Church teaching is clear when it comes to non-negotiable issues such as abortion. On prudential matters such as the best way to create jobs, faithful Catholics can and often do disagree. So when the Pope told workers in Cagliari the indignity of unemployment “is the result of a global decision, of an economic system which leads to this tragedy; an economic system centered on an idol called ‘money,’” we may respectfully raise a few basic economic questions. There’s no question that money is actually an idol for far too many of the rich and powerful, with disastrous consequences for themselves and the poor who are striving to improve their living conditions. These are primarily the rich who hoard their money and capital for themselves, a.k.a. misers. But how about the rich and powerful who want to invest in new but unproven ventures? If we want jobs for the poor so that they can have the dignity of work, how can we do this without investments of money and capital? Don’t the poor need capital and therefore capitalists just as much, if not more, than the idle rich? As other popes have said, exclusion from the global economy is the main cause of poverty in the modern world, so what we actually need is more, not less, business.
Pope Francis undoubtedly believes what he says about the indignity of work and the idolatry of money. Being more familiar with Argentina than anywhere else, he has seen first-hand what “crony capitalist” arrangements that lock out competition, and hence new opportunities that could benefit the poor, look like. An economic system not based on money and capital would have to be based on something else, such as a barter or feudal economy. These alternatives may or may not claim to place “human beings at the center,” but one thing they do not do is offer the poor the same chance to become non-poor and even wealthy. Instead of blaming the instrument of money, I would prefer encouraging Christian capitalists and businesspeople to do their jobs well because by doing so, they make possible the kinds of jobs that Pope Francis wants for the people of Cagliari and beyond.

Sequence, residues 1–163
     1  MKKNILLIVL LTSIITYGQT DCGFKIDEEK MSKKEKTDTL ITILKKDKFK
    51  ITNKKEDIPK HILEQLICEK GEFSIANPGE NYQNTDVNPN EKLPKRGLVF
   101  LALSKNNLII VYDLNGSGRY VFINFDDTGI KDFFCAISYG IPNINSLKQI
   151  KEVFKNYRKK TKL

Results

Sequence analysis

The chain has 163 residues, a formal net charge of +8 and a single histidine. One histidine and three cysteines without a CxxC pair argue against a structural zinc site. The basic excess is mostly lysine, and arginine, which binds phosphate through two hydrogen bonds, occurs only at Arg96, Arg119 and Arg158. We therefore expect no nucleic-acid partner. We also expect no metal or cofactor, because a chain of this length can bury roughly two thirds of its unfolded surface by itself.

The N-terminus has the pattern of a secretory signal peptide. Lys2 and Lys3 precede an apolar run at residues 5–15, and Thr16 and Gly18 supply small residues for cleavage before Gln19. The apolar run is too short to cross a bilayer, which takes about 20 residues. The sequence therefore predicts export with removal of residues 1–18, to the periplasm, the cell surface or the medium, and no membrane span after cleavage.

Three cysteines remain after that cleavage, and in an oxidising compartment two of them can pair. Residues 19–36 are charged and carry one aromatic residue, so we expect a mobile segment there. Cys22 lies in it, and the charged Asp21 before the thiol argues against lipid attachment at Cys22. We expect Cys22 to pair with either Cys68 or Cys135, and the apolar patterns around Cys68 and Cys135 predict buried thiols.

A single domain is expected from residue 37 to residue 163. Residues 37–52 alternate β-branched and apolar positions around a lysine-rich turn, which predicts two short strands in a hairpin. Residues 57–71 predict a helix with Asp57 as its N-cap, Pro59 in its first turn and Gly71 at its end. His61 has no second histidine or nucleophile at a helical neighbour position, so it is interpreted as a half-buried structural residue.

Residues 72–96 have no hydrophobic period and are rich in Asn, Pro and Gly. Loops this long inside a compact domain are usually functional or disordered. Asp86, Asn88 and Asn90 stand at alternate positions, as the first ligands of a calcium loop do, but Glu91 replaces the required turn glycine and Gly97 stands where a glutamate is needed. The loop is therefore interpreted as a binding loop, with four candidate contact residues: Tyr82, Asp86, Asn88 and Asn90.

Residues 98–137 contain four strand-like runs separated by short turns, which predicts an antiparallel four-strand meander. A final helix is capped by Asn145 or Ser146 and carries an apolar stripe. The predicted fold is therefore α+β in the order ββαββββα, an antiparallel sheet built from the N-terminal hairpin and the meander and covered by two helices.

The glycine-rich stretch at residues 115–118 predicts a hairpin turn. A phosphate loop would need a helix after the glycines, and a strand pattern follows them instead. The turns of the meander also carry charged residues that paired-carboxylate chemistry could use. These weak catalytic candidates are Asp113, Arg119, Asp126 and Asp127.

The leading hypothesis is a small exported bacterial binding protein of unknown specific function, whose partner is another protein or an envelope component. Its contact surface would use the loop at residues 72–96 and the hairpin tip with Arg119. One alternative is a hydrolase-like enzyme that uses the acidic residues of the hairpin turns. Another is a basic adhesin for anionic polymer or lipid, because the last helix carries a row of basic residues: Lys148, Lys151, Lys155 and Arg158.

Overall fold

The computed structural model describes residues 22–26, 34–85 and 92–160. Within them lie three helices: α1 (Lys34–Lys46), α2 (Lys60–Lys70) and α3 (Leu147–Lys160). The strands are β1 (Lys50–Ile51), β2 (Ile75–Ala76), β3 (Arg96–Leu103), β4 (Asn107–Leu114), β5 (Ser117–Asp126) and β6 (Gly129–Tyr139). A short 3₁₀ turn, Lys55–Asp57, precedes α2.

In the context of speaking about his authoritarian tendencies as provincial general of the Jesuits, Pope Francis admitted he “has never been a right-winger.” If by right-winger, he means forcing others to do what he says in the name of social justice, he’s describing a Peronista, which no sane person should want to be. Outside of Latin America, however, there’s another kind of “right-winger” who promotes economic freedom while also believing that Catholic teaching, moral and otherwise, is true. I should know because I am one. Perhaps the confusion has to do with how one understands the admittedly complicated relationship between human freedom, political order, and God’s plan for each and every one of us. Maybe political terminology dating from the French Revolution is the problem. Or can’t Catholics be truly liberal, after all?